[I]t’s gotten, it’s gotten worse and worse.
To be fair to Murphy, one could consider that he means that any level of violence is bad — and that it is getting worse. So, let’s take this as a separate claim — that Murphy is instead claiming that violence along the border is increasing. CNN reported:
According to FBI statistics, violent crimes reported in Arizona dropped by nearly 1,500 reported incidents between 2005 and 2008. Reported property crimes also fell, from about 287,000 reported incidents to 279,000 in the same period. These decreases are accentuated by the fact that Arizona’s population grew by 600,000 between 2005 and 2008.
Let’s give Mike Murphy the benefit of the doubt and assume he meant that the overall problem of illegal immigration into Arizona has “gotten worse and worse” under the Obama administration. Homeland Security helpfully provides statistics on this which I have compiled into this chart:
This drop in illegal immigration isn’t due to any Bush, Obama, or local level actions. It’s due to the recession.
Which explains why Mike Murphy along with much of the Republican establishment is out there demagoguing illegal immigrants by making false claims about all these murders and violence: Because during times of economic trouble, people look to scapegoat someone for their troubles — and immigrants, especially illegal ones, get some of the blame.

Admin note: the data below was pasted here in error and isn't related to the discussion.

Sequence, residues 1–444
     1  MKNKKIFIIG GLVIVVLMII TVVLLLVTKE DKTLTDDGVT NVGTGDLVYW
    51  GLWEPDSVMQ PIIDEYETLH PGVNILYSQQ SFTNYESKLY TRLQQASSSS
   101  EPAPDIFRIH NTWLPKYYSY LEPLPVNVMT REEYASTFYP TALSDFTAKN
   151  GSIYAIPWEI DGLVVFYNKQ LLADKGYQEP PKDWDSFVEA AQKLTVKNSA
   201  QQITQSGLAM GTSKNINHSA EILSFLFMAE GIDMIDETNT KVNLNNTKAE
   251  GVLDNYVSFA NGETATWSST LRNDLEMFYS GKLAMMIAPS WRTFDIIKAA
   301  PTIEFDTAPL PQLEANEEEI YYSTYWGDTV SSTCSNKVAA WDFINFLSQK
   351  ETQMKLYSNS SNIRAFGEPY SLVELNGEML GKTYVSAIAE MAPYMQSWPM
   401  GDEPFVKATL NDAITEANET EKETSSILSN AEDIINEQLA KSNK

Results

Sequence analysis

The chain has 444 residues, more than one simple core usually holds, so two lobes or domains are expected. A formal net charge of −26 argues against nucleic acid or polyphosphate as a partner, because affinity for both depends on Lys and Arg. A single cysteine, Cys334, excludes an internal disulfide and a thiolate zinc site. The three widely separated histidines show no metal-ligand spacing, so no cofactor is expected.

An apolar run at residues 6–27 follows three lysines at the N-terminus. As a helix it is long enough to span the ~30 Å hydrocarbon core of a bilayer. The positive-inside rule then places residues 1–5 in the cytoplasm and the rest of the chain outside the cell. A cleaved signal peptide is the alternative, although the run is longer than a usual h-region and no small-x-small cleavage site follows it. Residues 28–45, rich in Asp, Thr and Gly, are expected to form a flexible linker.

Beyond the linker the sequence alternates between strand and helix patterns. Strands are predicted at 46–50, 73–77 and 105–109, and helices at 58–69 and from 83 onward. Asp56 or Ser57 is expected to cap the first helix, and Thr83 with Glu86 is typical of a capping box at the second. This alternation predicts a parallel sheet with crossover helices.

But let’s stop with this pretense of “violent illegal immigrants.” That is the stuff of demagogues and prejudice as it simply is not based on facts.
Instead, let us acknowledge forthrightly that the excitement over this issue is being drive by cultural and economic resentment rather than “violence.”
Megan McArdle goes all “righteous fury” in response to the above video:
Have you ever had one of those arguments in a bar that start around eleven and wind up when the bartender kicks you out? It starts off on some perfectly reasonable topic, but as the hours and the drinks mount up, the participants are forced to stake out some clear logical positions, and in doing so, crawl farther and farther out along the limb they are defending . . . until suddenly you reach a point at which one of the debaters can either abandon their initial commitment, or endorse the slaughter of 30,000 Guatemalan orphans. And there’s this long pause, and then he says, “Look, it’s not like I want to kill those orphans . . . ”